The United Nations, with the United States formally enrolled, was off and running. From the day of that fateful Senate vote, presidents of this nation have assumed the power, and perhaps even viewed it as a duty when requested by the UN, to deliver our military forces to the far comers of the earth. The effects of that action would be demonstrated in Korea and Vietnam, and have just been seen in the sandy terrain of the Middle East.

On June 25, 1950 Soviet-backed forces from North Korea invaded anti-communist South Korea. Immediately, the United Nations Security Council passed a resolution demanding an end to the hostilities and the withdrawal of the invaders. Two days after the invasion, President Truman announced that U.S. forces were being sent to aid the South Koreans, His formal statement committing our troops made note of the Security Council's action and contained the following sentence:

The Security Council called upon all members of the United Nations to render every assistance to the United Nations in the execution of this resolution.

The President did not cite the U.S. Constitution for his authority to send troops; he clearly indicated that he was responding to the UN's call. He showed a far greater commitment to the UN Charter than to the Constitution he had sworn to uphold. There should have been a nationwide outcry, but there was hardly a peep.

Refuse the UN?

We must consider a vitally important question at this point: Could Mr. Truman have refused the UN's request for troops? Inasmuch as none of the other UN member nations responded as did the U.S. (there were 50 member nations at the time), it seems certain that such a refusal was entirely possible. The President could have expressed regret about what the North Koreans were doing and kept U.S. forces completely out of the conflict. He could have severed relations with the USSR, the power behind North Korea. He could have exercised leadership among other nations of the world to ostracize and isolate the Soviet Union.

Had President Truman felt it necessary to take military action against this clear example of Soviet-backed aggression, he could have asked Congress for a declaration of war against North Korea, the USSR, or both. He could have availed himself of the offer of friendly forces. Nationalist Chinese leader Chiang Kai-shek was pleading with the President to label the Soviet Union the real enemy in this conflict and to allow Chinese forces to join in fighting the communist army.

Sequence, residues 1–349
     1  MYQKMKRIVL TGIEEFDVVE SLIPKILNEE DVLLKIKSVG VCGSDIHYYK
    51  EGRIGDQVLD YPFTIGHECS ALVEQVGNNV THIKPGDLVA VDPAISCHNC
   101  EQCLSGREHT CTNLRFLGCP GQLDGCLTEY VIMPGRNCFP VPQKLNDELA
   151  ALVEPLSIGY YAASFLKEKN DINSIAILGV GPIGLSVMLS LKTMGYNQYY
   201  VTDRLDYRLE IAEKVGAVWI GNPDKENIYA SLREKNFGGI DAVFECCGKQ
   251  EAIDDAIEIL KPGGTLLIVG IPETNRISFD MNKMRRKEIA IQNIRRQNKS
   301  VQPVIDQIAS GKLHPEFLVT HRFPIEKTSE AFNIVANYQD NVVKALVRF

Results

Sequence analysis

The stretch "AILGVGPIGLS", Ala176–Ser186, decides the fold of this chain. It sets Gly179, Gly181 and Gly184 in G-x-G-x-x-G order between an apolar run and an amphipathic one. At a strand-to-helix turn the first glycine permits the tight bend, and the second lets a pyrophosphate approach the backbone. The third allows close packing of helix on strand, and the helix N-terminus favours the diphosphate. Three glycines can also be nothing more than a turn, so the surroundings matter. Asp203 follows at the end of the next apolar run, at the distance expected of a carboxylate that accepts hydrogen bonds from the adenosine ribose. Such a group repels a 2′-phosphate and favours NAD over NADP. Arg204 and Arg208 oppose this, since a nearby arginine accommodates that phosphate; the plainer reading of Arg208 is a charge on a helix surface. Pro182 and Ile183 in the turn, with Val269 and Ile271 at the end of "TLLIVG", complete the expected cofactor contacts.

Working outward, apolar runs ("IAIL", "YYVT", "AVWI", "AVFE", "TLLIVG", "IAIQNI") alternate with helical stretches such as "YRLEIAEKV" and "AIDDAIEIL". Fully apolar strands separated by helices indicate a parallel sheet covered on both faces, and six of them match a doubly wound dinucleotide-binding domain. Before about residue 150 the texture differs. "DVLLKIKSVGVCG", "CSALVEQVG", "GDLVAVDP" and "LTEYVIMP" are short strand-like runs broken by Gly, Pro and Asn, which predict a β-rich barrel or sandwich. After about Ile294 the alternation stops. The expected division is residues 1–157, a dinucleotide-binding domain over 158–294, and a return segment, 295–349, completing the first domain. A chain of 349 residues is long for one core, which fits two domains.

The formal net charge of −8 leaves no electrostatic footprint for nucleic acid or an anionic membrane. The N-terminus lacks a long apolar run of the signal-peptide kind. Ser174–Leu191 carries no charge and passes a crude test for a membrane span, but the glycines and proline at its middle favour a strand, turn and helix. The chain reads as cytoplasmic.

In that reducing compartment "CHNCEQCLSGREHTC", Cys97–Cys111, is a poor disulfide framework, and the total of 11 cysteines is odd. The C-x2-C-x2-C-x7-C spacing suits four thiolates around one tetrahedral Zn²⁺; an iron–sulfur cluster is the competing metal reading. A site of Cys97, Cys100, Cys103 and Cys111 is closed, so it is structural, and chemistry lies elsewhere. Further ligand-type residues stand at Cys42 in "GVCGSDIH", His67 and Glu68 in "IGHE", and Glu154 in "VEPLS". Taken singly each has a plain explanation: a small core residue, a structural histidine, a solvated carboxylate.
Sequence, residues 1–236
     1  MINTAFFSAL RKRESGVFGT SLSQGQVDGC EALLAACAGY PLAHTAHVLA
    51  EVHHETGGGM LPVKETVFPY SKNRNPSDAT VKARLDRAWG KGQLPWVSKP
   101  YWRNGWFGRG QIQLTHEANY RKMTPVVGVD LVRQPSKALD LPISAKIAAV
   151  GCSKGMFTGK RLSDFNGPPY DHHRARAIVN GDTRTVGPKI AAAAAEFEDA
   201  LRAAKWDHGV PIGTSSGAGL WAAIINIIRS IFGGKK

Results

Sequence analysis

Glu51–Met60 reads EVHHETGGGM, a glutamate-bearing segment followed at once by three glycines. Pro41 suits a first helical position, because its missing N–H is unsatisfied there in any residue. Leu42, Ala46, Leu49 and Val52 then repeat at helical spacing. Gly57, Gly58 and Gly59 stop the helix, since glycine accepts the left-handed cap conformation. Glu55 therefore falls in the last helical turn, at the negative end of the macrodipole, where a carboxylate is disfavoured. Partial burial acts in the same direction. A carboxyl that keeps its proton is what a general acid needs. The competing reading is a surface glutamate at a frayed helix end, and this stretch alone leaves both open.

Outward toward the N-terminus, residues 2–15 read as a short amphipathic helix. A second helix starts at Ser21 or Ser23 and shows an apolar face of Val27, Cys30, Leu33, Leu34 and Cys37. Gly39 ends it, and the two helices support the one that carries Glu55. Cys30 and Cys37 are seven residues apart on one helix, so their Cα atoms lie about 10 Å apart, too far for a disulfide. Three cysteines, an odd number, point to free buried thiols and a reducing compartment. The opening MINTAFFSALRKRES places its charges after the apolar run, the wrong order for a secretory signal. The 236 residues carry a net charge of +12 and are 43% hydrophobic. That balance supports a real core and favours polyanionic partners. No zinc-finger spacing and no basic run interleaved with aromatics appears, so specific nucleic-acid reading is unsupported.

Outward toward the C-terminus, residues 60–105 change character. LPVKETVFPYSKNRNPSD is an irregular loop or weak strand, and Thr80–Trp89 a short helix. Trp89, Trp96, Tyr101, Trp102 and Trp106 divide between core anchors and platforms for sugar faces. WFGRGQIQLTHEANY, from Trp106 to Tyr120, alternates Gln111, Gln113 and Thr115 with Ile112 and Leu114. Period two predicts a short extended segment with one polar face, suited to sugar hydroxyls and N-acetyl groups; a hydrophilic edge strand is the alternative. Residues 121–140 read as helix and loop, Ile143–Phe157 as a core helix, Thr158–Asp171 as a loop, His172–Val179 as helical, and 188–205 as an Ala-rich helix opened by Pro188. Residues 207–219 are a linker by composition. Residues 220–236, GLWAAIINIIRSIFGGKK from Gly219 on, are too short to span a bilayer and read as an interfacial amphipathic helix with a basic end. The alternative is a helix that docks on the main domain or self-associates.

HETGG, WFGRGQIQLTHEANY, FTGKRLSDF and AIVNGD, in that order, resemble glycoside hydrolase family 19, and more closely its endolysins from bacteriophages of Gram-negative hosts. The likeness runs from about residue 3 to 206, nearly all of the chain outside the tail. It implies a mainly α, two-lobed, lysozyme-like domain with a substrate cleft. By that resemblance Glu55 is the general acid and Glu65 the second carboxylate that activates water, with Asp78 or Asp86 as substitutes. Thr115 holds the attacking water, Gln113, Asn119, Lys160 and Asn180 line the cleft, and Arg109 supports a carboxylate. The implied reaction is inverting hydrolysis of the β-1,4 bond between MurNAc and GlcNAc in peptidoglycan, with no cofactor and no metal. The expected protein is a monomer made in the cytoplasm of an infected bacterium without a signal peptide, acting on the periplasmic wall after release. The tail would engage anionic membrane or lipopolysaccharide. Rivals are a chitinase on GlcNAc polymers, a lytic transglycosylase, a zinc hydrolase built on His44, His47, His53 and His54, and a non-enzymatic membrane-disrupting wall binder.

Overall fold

But because the United States had not been attacked, it is unlikely that Congress would have issued any war declaration. And, because Mr, Truman and his advisers were so heavily committed to the United Nations, there was no chance that any other than the UN response would have been considered. The only thing Congress did was to applaud the President's response, including his sending of our forces into a war without congressional approval and without a declaration of war. The men who were sent to fight would sorely regret the President's action.

The partisans for world government within this country wanted the U.S. to become ever more deeply entangled in the UN. All were thrilled at what the President had done. A July 1st New York Times editorial expressed absolute delight "at the rebirth" of the world organization.

On June 30th the President's order placing U.S. troops in the Korean conflict at the behest of the UN was discussed at a bipartisan meeting of Senate and House leaders. There was no dissent whatsoever from these elected representatives of the American people.

Nor was there anything but praise for the President's action from the overwhelming majority of the American people. Anti-communist fervor was at its peak in our nation. Eastern Europe had fallen to communists; China had recently been conquered; and revelations about communist traitors operating within our own government were filling the newspapers on a regular basis.